Stiff-Roberts: MAPLE itself is a variation of a process called pulsed laser deposition (PLD), and in that case, the target is always a solid. You have your polymer, it’s dissolved in a solid, and that is a solution but it’s still frozen so it’s a solid during the deposition. The idea is that the solvent would absorb the laser energy and not damage the polymer. What my group did that was different was instead of just having the polymer in a solvent, both absorbing ultraviolet energy, we used an infrared laser, and we did the emulsions for the target. Now that solution is actually an emulsion. We have most often an oil and water emulsion which is then frozen by liquid nitrogen during growth so that it’s still a solid target. The reason why that’s been important is that the infrared laser that we use, its energy, is resonant with the vibrational mode of OH bonds and there are plenty of OH bonds in water. So now, you have the ideal case where the water is the only thing absorbing the laser energy. The water evaporates and then whatever is in the target gets transferred from the target to the substrate. We have decoupled the laser energy from the guest material that we want to deposit which means a few things: 1) we don’t damage the material chemically, 2) we don’t damage the material structurally, in terms of the molecular weight, we also can deposit any type of material system. We just need a way to get OH bonds to absorb that infrared laser energy.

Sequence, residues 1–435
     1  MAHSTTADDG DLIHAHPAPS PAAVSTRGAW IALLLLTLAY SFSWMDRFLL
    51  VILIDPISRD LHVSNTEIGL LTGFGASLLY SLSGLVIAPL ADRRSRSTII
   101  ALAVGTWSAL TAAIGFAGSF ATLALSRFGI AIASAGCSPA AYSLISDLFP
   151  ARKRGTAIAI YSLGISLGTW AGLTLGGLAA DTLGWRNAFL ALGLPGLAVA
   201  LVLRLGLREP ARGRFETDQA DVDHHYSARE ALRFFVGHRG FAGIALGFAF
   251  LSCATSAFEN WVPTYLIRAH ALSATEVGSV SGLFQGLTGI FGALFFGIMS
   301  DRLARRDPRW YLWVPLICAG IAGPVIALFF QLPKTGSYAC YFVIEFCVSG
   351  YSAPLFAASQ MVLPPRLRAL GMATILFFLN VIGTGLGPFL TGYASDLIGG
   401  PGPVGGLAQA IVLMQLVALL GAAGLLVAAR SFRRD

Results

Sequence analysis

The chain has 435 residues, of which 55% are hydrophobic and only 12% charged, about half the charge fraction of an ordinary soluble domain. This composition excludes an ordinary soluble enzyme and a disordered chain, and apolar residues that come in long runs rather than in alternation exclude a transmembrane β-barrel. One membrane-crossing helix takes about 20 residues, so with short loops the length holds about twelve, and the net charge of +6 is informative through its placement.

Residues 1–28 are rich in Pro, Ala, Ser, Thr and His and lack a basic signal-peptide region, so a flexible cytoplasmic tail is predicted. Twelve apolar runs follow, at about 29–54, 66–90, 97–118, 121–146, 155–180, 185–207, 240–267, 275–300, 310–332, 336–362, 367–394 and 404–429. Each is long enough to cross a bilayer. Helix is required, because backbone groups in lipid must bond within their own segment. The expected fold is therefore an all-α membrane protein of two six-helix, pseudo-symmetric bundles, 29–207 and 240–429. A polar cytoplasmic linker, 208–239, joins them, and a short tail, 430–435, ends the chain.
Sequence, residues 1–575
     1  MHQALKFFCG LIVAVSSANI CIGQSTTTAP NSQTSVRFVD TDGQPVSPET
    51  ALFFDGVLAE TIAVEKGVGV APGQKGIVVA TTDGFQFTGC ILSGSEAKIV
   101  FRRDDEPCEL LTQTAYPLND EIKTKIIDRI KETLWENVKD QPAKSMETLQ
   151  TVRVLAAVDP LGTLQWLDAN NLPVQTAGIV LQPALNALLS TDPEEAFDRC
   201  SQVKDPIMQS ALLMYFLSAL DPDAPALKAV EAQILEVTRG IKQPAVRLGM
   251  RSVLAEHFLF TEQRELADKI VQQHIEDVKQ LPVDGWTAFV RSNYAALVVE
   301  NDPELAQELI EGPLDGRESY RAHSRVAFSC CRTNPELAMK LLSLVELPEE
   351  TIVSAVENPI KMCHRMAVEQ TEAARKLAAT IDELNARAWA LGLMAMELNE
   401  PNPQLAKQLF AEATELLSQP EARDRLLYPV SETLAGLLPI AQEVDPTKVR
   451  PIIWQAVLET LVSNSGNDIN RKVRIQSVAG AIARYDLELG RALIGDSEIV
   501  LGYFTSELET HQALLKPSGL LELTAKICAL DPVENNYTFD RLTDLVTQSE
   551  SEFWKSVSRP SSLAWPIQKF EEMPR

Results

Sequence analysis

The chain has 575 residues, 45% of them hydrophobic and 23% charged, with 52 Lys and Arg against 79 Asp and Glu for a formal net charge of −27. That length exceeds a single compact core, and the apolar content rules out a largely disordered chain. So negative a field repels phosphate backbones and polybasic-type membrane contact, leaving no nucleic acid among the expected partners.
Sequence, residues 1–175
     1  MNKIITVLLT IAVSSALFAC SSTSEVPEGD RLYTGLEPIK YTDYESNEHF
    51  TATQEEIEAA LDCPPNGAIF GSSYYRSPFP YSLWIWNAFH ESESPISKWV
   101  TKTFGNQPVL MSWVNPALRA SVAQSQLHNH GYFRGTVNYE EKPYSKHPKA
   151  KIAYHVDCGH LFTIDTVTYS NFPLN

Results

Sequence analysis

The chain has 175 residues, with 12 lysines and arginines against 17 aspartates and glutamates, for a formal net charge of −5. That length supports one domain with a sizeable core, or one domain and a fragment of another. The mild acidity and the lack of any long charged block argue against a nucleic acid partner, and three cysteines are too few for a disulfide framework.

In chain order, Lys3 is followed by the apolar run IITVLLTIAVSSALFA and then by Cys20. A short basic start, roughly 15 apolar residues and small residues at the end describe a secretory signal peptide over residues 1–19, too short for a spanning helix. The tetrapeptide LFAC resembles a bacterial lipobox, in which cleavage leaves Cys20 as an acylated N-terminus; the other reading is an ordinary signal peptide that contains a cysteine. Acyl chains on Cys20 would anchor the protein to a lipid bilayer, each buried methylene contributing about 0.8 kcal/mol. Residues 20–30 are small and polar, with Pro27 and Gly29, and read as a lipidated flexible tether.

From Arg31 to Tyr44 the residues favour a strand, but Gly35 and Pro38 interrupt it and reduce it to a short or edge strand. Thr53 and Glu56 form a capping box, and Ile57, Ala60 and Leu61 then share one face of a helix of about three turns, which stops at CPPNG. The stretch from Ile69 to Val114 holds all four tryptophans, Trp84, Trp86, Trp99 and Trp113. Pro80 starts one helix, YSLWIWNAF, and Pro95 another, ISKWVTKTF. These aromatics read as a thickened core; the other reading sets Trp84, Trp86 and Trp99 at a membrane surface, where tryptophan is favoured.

This is a photo of Stiff-Robert’s lab where her team works on MAPLE. To the left, you can see a dark grey box where the laser is housed. The round window in the center of the photo how a researcher can observe what is happening.
Shin: What has your group found out about the technique and its applications for the organic solar cell?
Stiff-Roberts: We’ve been doing emulsions primarily for organic materials, polymers, small molecules, but we’re starting to study now how to broaden that to other types of materials systems that maybe can’t tolerate water but we can introduce OH bonds in other ways. So it really made it much more versatile in terms of the types of materials we can deposit and the fact that the process works the exact same way every time even though we’re changing the materials systems.
Shin: Once the laser hits the target, does the water evaporate immediately? What’s left? It’s hard for me to visualize what this all looks like and how it could be applied to different materials, like cotton, plastic or whatever products we could think of.